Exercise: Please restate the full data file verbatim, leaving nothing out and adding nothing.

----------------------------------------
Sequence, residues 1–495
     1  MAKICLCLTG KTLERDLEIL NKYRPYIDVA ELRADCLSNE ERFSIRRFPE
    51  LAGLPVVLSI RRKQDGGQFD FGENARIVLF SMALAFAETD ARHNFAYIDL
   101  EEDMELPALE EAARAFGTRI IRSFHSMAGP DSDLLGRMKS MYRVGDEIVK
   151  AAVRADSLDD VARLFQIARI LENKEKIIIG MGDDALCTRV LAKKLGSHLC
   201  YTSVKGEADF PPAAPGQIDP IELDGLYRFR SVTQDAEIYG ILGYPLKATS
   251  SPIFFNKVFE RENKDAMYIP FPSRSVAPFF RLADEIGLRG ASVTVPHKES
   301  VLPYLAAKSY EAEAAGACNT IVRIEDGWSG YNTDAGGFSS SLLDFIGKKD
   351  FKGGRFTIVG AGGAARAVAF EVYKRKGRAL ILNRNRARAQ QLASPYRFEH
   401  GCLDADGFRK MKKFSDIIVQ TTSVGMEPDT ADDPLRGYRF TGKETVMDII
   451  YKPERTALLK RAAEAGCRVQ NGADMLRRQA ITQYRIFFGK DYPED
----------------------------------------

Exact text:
Sequence, residues 1–495
     1  MAKICLCLTG KTLERDLEIL NKYRPYIDVA ELRADCLSNE ERFSIRRFPE
    51  LAGLPVVLSI RRKQDGGQFD FGENARIVLF SMALAFAETD ARHNFAYIDL
   101  EEDMELPALE EAARAFGTRI IRSFHSMAGP DSDLLGRMKS MYRVGDEIVK
   151  AAVRADSLDD VARLFQIARI LENKEKIIIG MGDDALCTRV LAKKLGSHLC
   201  YTSVKGEADF PPAAPGQIDP IELDGLYRFR SVTQDAEIYG ILGYPLKATS
   251  SPIFFNKVFE RENKDAMYIP FPSRSVAPFF RLADEIGLRG ASVTVPHKES
   301  VLPYLAAKSY EAEAAGACNT IVRIEDGWSG YNTDAGGFSS SLLDFIGKKD
   351  FKGGRFTIVG AGGAARAVAF EVYKRKGRAL ILNRNRARAQ QLASPYRFEH
   401  GCLDADGFRK MKKFSDIIVQ TTSVGMEPDT ADDPLRGYRF TGKETVMDII
   451  YKPERTALLK RAAEAGCRVQ NGADMLRRQA ITQYRIFFGK DYPED